Nom Nom Nom

I loves me a good zombie story, so I was pleased to hear about Colson Whitehead‘s new novel, Zone One. Besides being a terrific writer, his tweets are funny as hell. Predictably, however, the reviewers of Zone One have had some trouble with the notion of of a literary writer writing about zombies. Publishers Weekly : “Whitehead dumpster dives genre tropes, using what he wants and leaving the rest to rot…” Kirkus: “[H]e sinks his teeth into a popular format and emerges with a literary feast…” Damn, condescension  just put on a tweed jacket and grew a salt-and-pepper beard. (Though it is kind of funny to see Amazon’s “Customers Who Bought This Item Also Bought” list Eugenides’s The Marriage Plot alongside The Walking Dead: Rise of The Governor)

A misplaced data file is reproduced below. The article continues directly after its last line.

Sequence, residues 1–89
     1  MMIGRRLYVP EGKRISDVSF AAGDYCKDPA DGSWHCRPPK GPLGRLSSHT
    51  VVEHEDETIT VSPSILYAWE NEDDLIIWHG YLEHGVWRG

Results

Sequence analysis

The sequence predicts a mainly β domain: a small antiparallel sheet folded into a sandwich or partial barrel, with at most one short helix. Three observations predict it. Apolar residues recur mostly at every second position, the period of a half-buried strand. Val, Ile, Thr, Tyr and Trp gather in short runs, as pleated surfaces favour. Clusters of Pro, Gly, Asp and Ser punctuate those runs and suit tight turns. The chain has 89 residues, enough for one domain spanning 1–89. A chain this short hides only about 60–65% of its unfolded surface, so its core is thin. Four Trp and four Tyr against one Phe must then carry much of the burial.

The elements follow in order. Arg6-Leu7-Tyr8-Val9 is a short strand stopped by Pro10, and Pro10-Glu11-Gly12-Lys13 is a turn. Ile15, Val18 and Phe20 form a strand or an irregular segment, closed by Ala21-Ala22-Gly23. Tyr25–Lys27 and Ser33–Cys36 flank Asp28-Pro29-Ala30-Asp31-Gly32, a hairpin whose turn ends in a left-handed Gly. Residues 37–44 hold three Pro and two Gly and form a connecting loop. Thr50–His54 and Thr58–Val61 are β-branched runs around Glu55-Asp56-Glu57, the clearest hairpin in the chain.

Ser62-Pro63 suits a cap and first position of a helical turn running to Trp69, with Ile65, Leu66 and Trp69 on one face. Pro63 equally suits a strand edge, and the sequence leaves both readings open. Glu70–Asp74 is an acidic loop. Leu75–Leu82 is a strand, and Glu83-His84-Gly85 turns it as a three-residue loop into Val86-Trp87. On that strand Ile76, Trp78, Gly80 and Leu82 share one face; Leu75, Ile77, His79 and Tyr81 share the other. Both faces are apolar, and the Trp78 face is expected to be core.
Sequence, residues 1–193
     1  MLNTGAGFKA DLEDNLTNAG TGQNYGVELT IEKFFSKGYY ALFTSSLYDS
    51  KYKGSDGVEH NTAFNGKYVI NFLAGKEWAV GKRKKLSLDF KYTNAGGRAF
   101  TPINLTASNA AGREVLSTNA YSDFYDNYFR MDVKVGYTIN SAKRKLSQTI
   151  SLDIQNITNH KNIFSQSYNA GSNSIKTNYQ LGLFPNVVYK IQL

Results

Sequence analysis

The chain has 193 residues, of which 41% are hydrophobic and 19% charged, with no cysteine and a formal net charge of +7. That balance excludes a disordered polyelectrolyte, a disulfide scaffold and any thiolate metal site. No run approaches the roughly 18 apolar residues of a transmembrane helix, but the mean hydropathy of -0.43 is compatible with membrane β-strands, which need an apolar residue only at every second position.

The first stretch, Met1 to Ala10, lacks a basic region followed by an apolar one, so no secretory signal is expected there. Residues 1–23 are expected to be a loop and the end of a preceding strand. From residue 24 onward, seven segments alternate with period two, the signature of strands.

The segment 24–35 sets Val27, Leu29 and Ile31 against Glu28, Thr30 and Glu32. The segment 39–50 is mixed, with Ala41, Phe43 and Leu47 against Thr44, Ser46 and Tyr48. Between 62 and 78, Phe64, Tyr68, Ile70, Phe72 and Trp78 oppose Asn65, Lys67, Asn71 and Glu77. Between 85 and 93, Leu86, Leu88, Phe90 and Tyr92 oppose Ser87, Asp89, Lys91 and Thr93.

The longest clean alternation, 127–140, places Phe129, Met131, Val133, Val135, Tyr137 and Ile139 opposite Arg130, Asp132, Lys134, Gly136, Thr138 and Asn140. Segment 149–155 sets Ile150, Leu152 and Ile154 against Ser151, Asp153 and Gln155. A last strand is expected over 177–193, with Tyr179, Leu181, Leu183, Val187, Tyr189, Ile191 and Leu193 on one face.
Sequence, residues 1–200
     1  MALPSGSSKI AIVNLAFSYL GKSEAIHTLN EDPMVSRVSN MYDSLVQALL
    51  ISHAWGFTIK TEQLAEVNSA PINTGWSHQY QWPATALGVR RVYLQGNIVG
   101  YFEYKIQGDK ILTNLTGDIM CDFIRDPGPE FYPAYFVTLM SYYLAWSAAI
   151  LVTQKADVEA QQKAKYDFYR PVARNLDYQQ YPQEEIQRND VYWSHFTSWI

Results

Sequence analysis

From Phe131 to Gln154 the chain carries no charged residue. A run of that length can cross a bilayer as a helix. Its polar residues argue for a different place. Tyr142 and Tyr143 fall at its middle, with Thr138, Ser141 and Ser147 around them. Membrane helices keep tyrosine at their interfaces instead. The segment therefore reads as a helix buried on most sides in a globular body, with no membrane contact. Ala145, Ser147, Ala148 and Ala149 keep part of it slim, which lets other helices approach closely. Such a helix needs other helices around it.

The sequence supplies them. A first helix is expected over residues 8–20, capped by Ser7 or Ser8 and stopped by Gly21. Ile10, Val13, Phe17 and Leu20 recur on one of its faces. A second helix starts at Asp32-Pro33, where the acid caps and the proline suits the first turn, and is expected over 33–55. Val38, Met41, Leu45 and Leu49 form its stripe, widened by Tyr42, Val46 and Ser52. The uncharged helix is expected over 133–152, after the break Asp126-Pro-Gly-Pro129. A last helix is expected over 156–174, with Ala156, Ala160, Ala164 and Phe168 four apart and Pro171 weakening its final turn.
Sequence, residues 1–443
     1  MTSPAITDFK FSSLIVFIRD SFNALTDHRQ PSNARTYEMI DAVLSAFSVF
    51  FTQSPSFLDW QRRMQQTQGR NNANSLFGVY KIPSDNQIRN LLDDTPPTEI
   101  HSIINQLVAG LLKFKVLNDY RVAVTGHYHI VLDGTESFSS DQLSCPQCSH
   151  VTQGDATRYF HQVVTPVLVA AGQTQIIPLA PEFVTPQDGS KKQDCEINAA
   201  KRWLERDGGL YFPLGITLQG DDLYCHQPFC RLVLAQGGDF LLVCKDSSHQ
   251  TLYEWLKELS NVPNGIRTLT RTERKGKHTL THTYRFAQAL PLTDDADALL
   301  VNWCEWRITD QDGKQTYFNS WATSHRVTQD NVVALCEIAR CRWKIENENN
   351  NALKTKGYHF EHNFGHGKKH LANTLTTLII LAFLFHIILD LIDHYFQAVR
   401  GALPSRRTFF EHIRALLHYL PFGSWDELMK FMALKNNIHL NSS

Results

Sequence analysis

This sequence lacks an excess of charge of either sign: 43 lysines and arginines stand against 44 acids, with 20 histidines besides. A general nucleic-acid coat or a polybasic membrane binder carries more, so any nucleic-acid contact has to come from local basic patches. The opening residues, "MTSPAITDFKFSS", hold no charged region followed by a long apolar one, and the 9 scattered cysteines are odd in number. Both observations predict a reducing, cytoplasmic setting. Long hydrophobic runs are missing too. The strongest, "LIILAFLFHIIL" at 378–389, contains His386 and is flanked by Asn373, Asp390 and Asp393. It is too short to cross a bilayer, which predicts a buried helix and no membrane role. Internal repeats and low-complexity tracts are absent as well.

Via The Atlantic:

Colson Whitehead on Zombies, ‘Zone One,’ and His Love of the VCR

Outside of the world of general horror, there’s something specifically enticing about zombies right now. I’ve heard so many people say, breathlessly, “Colson Whitehead’s writing a zombie book.” What is it about the word “zombie” that gets people so excited?

In the last ten years, there’s been a resurgence in all kinds of zombie culture. Why are zombies important or interesting now? I have no idea. I wrote Zone One because I wanted to fulfill my own curiosity—which goes back decades—about the creatures.

So in terms of larger cultural trends, I have no idea. In terms of me, I became demonically attached to Night of the Living Dead, Dawn of the Dead, and Day of the Dead, the first George Romero trilogy. Zone One comes out of me trying to work through some of my ideas about why, for me personally, zombies are scary.

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